Classes are in session at all of our clubs. Information will be posted as new classes are offered. Contact us if you wish to be emailed with new class information as it becomes available.
What is Square Dancing?
Square dancing is done by groups of four couples facing one another as if standing on the sides of a square. Square dancing is different than other forms of dance, because instead of learning and repeating a choreographed dance, dancers learn dance moves -known as calls- and must actively listen to the Caller to know which dance move is next. This results in each dance being exciting & different than the last and keeps dancers guessing, as they don’t know what the next call is going to be!
“Square Dancing is like a real-time puzzle”
The goal of the caller is to get each couple back to their starting point, know as their “home” through a series of calls. All types of music is used in Square Dancing, from traditional country western songs, to songs you hear on the radio – there’s something for everyone!
Why Square Dance?
Similar to other forms of dance, Square Dancing offers numerous health and mental benefits. On average, dancers walk over 2 miles, or 4,000 steps per dance. Square Dancing also offers both travel and leadership opportunities! Many of our dancers travel across the country to dance at Square Dance conventions including the annual Tennessee State Square Dance convention, which is held in Gatlinburg each year. Most importantly, Square Dancing provides a warm, supportive and fun social community. We hope to dance with you soon!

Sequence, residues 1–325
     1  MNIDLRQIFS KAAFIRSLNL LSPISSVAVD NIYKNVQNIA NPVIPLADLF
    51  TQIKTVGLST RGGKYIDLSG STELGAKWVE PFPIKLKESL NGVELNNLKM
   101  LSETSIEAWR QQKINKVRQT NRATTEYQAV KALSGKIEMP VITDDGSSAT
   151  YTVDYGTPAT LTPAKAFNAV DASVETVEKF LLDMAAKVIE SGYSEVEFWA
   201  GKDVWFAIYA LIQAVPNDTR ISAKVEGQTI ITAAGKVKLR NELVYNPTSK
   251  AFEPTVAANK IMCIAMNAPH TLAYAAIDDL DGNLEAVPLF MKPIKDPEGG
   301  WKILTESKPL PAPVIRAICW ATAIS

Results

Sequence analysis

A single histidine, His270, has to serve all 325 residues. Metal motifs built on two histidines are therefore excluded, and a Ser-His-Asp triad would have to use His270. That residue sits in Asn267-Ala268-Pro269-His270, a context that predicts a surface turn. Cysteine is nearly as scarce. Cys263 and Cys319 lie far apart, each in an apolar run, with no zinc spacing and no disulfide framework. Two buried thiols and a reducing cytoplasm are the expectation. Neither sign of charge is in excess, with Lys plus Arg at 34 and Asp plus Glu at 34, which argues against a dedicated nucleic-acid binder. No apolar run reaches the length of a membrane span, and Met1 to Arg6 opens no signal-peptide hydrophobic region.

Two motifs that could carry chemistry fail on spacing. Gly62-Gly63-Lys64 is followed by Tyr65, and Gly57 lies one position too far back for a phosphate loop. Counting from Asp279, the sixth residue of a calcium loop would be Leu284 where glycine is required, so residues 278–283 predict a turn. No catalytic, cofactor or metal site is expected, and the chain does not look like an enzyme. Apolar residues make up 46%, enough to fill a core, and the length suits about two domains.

What is Round Dancing?
Round dancing is a form of cued partner dancing. A pair of people dance together doing steps as directed by a cuer. Similar to squares, there is a vocabulary of cues each corresponding to a different dance action, and these cues are divided into levels. Cuers cue dances, telling the dancers what moves to do and when. Typically, couples progress counterclockwise around a circle, hence the name round dancing.
Round dancing has a number of different rhythms; many of these rhythms are shared with ballroom dancing (waltz, foxtrot, rumba, and cha cha, among others), but some round dance rhythms come from other dance traditions or are unique to round dancing.
Sign me up! When do classes start?
Please reach out to email@example.com or visit our events page to learn about upcoming classes.
Tips for new dancers
- When the music starts head out onto the dance floor. Don’t be afraid to get up and dance!
- Introduce yourself to the other dancers in your square. It’s nice to be nice.
- Listen to the caller. It’s okay if you miss a call, but listen for the next call and try to catch up. Talking while dancing distracts both you and other dancers and it can cause the square to break down.
- Always let the caller explain the call. It’s hard to hear the caller when other people are talking or noisy.
- If you are having trouble with a call in a class or workshop, ask your caller or an experienced dancer to run through it between tips.
- Be gentle with other dancers. Use a gentle handhold. Most experienced dances will touch, but not grasp, other dancers’ hand. Never push or drag a person into position. Some dancers don’t like twirling. Get to know the people in your square!
- Keep your squares tight. Sometimes while dancing we can drift away from one another. It is easier to keep time with the music and easier to move into the next formation if we’re closer to one another.